Colonel Sanders is best known for creating a fried chicken recipe that launched the world’s largest fast-food chicken chain, Kentucky Fried Chicken.
Harland David Sanders was born on September 9, 1890, in Henryville, Indiana. After his father died when he was 6 years old, Sanders became responsible for feeding and taking care of his younger brother and sister. Beginning at an early age, he held down numerous jobs, including farmer, streetcar conductor, railroad fireman and insurance salesman.
At age 40, Sanders was running a service station in Kentucky, where he would also feed hungry travelers. Sanders eventually moved his operation to a restaurant across the street and featured a fried chicken so notable that he was named a Kentucky colonel in 1935 by Governor Ruby Laffoon.
However, below are Five things you probably didn’t know about Kentucky Fried Chicken:
1.) PETE HARMAN IS NEARLY AS IMPORTANT AS COLONEL SANDERS IN KFC HISTORY
In 1952, while passing through Salt Lake City, Sanders met a man by the name of Pete Harman who owned a successful burger joint called the Do Drop Inn.
Sanders successfully convinced and persuaded Harman to become his first franchisee, and soon after, Sanders’ chicken was being sold at the restaurant.
Along the years, as Sanders and Harman worked together to bring about a successful franchise system ( complete with training manuals and product guides e.t.c), Harman contributed a Legendary idea which is ‘The Bucket Meal’ and the motto “It’s finger-lickin’ good” in 1957.
2.) IT INTRODUCED CHICKEN TO THE FAST FOOD INDUSTRY
Fried chicken was never thought as Fast Food because it wasnt Fast, fast food was synonymous with hamburgers and fries, and chicken was traditionally home-cooked or eaten at family-style restaurants until KFC came along.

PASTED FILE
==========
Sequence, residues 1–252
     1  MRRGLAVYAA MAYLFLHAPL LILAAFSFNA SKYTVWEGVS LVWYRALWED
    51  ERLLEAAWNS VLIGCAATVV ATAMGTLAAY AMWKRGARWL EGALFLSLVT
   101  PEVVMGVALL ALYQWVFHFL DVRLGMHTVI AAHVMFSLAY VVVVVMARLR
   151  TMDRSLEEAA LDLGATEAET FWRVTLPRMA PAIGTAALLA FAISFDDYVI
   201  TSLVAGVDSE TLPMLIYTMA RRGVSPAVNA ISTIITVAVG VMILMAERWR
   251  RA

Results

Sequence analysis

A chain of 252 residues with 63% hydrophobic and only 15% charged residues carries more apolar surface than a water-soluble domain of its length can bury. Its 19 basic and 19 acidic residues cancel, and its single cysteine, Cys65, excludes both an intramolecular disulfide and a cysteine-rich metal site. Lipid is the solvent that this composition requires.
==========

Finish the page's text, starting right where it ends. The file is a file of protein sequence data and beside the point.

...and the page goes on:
3.) THE COMPANY GOES THE EXTRA MILE TO GUARD THE ‘ORIGINAL RECIPE’
The blend of 11 herbs and spices that went into Sanders’ original fried chicken recipe is still in use today, and its components remain a mystery.
Although many have tried to ascertain or rather decipher the recipe, it still remains a mystery as Sanders-signed copy of the recipe is inside a vault in KFC’s Louisville headquarters, and even the manufacturers don’t know what goes into it: Half of the mix is made by Griffith Laboratories, and then it’s sent to McCormick, where the rest is added.
4.) THERE ARE MORE THAN 300 KFC MENU ITEMS WORLDWIDE
The menu at the local KFC varies drastically depending what part of the world you are in.
For example, in Japan, Jamaica, and other island countries, fried seafood is sold as “Colonel’s Catch”; onion rings are sold in many countries; congee and tree fungus salad are on the menu in China; you can buy spaghetti at Indonesian locations; and a chickpea burger can be found in India.
5.) THE MENU AND TASTE OF THE CHICKEN VARIES FROM REGION TO REGION
Different frying oils are used in different regions, including sunflower, soybean, canola, and palm oil, which can subtly alter the flavor of the finished product. Whether the chicken is corn-fed or wheat-fed also affects the flavor.